Recently a young Pastor at my church gave a beautiful sermon about his early days in ministry; he was assigned to a parish in a very economically depressed community.  During his first visit to the church, he noticed what he thought was an unusual stockpile of communion bread.  When he asked about it, he was informed that many of the families in the congregation were so poor they counted on that food for their Sunday meal.

Shortly after his arrival, he was called upon to write a sermon about how “The Lord Provides”; in looking at the poverty of his parishioners, he felt uncomfortable preaching such a lesson.  He struggled with the message all week, and entered church that Sunday uninspired.  It was the habit at that particular parish to start each service with petitions, so before he spoke, he let his congregants offer their prayers for intercession and give thanks for blessings.
Aristotle wrote, “He who cannot be a good follower cannot be a good leader.” A woman stood up, a woman the Pastor knew to have very little financially, and gave praise to God for her tremendous good fortune.  She was thankful for the air she breathes; she was thankful for her community; she was thankful for the knees she got down on to pray.  Her litany of gratitude was so extensive that the young man realized on that day that he was her follower.  She had taught him that “The Lord Provides”, not the other way around.

In thinking on this, I have decided that this thing we call “luck” is actually just our normal day-to-day experience.  Most of the time we have air to breathe, community to engage with and knees.  We have a beating heart and a thinking brain.  We have the capacity to learn and grow and most importantly, love.  Most of the time, we are not engaged in the tragic, the earth shattering, the soul rendering. 
Most of the time, we are lucky.

I believe now that my Dad understood this to his very core, and that was the message he was trying to teach.  Misfortune is the anomaly, but even misfortune is often simply a stepping stone to greater success or enlightenment.  Another thing my father was fond of saying was “Every day is a good day”; so I will now pass his wisdom on to you in this form:  “Every day is your lucky day”.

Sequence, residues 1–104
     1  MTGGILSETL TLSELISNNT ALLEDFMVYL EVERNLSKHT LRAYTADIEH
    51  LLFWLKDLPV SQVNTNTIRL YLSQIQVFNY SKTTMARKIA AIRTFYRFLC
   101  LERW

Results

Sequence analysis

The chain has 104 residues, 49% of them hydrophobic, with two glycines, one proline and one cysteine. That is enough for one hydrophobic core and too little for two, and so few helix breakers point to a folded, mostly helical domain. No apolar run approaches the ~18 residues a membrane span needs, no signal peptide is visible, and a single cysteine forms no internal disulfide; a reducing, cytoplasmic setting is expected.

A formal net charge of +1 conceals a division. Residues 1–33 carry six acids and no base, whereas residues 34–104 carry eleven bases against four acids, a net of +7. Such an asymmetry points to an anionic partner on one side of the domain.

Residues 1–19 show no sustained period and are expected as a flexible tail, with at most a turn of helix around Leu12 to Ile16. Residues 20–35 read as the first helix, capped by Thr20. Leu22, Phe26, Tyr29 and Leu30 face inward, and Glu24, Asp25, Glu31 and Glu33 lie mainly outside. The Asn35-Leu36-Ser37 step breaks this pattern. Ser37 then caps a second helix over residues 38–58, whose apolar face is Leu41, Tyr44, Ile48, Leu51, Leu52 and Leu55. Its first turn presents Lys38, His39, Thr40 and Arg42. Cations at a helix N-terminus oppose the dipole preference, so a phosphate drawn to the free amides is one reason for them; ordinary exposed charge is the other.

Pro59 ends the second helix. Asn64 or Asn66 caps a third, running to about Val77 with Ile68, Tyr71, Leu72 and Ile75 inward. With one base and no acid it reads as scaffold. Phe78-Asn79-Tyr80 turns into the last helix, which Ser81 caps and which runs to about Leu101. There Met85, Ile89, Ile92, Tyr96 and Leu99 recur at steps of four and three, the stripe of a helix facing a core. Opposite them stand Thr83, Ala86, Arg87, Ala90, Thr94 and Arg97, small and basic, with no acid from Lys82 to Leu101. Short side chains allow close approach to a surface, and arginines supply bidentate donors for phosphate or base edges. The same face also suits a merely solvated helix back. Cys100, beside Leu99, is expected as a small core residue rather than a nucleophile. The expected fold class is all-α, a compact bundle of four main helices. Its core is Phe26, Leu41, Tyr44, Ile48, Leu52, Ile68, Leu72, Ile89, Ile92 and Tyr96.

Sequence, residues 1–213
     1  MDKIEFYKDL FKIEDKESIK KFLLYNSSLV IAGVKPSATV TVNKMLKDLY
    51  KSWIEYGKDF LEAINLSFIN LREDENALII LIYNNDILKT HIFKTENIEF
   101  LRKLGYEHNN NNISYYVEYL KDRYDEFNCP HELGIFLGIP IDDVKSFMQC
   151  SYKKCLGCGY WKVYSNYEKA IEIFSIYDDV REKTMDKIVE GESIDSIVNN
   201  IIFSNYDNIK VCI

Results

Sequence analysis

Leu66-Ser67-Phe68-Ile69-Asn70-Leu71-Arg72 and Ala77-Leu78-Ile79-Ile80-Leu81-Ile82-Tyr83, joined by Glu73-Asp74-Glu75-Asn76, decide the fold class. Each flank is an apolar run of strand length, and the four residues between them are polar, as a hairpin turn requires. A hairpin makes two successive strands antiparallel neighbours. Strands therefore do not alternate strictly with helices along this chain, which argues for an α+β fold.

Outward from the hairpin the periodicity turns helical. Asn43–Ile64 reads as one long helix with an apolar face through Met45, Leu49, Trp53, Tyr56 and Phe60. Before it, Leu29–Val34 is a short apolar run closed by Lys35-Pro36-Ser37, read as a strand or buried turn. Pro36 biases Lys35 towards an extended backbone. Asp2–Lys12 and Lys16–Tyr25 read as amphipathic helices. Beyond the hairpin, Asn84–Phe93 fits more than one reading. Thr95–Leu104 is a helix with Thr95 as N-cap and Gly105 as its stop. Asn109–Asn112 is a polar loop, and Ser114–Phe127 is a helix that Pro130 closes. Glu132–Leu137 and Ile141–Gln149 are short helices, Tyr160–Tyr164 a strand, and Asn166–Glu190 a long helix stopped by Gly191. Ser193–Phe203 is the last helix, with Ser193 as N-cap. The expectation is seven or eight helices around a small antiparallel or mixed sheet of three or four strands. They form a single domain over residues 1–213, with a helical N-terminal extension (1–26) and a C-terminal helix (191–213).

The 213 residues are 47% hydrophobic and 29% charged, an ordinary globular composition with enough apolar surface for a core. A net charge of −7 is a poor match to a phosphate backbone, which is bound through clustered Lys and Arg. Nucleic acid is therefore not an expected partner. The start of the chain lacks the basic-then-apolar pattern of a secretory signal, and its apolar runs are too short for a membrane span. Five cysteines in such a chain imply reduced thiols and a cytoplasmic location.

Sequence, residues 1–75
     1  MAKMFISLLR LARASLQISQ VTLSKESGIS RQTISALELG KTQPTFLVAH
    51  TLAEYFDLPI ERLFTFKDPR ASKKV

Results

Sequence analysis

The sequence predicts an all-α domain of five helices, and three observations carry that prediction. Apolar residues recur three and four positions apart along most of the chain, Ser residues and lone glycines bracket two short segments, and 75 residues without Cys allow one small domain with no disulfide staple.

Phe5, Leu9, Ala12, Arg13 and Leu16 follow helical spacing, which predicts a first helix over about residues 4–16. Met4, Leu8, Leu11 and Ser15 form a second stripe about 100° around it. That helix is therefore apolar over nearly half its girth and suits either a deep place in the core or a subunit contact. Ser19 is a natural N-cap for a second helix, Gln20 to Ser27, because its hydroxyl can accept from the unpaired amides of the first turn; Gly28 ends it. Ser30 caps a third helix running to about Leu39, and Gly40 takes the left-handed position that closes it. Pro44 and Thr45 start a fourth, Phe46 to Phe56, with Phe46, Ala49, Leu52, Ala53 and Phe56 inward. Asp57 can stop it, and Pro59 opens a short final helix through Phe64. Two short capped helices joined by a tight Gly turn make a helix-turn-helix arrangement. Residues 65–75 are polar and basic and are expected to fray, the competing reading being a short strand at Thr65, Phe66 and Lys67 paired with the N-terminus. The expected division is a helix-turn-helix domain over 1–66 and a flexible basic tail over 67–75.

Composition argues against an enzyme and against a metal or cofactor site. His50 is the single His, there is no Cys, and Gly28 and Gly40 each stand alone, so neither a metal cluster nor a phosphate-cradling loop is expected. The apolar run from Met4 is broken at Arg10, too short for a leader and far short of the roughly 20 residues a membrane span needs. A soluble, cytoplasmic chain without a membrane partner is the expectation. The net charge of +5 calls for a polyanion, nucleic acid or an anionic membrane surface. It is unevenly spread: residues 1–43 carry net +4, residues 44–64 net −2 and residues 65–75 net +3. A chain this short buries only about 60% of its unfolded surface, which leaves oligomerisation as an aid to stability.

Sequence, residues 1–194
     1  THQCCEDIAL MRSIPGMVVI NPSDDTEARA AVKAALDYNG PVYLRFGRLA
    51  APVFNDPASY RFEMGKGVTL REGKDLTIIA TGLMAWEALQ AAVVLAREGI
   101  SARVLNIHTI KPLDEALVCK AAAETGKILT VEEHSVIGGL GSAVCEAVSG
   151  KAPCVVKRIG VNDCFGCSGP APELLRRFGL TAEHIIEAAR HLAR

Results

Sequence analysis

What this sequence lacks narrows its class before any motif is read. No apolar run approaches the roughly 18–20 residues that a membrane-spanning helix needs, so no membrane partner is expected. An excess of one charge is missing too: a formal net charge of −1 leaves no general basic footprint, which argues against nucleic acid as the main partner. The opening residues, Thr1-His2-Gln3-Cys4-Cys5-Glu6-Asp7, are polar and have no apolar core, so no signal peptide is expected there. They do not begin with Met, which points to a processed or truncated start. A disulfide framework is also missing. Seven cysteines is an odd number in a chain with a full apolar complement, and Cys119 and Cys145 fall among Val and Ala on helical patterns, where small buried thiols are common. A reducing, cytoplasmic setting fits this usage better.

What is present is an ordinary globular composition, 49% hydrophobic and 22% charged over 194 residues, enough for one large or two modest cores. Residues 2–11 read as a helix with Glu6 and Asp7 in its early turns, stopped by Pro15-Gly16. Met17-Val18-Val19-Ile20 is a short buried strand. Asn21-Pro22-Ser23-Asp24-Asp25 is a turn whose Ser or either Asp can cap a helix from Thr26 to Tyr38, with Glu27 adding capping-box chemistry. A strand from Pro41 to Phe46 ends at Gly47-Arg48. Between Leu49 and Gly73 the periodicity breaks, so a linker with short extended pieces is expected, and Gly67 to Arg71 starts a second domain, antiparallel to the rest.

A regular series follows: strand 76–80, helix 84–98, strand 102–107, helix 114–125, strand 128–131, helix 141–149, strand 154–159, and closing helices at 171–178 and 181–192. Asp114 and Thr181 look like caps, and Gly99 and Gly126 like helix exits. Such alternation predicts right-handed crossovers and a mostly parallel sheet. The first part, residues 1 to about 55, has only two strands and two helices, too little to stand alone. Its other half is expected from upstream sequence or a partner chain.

Every day you have a beating heart, a thinking brain, more to learn and love to give is your lucky day!  You decide what comes first, the chicken or the egg?  Will you decide you are lucky and then gather the evidence to support this truth, or will you have the experience and then bless it as lucky? 

Because the end result is the same:  Today is your lucky day!

Monday, January 9, 2017


I like to think I am fairly normal in that the very idea of change has always exhausted me.  Seriously, I don’t even like to change into my pajamas at the end of a long day and have been known to sleep wearing the same sweater and scarf I was sporting earlier at the Stop and Shop.  I enjoy my personal routines and get ruffled when they are interfered with in any way.  I hate surprises.

No, really.  Don’t test that.  It won’t go well.
That all having been said with emphatic self-awareness, I also realize, with the pristine 20/20 vision of hindsight, that my resistance to change has more often than not meant it has to be thrust upon me in a chaotic, uncontrolled manner.  Because I don’t frequently CHOOSE change and because change is inevitable, I have unfortunately found myself in a sh*tstorm that was not of my own making on too many occasions for it to be a coincidence. 

My takeaway on all of this is:  if you don’t embrace change, change will try its damndest to CRUSH you like an Acme anvil.
So here I am, gently (HA!) rolling down the other side of the hill and finally starting to learn that change is really a GOOD thing.  Because my resistance in the past has frequently caused change to be an unpleasant experience, what I had rolling down that hill was a virtual snowball of fear…the more I resisted change, the bigger that snowball got and the faster it moved.  So my indecision (fear of doing what I want to do rather than what I “should” do or what I have been doing) had me so off kilter that all of the systems in my life started crashing all at once.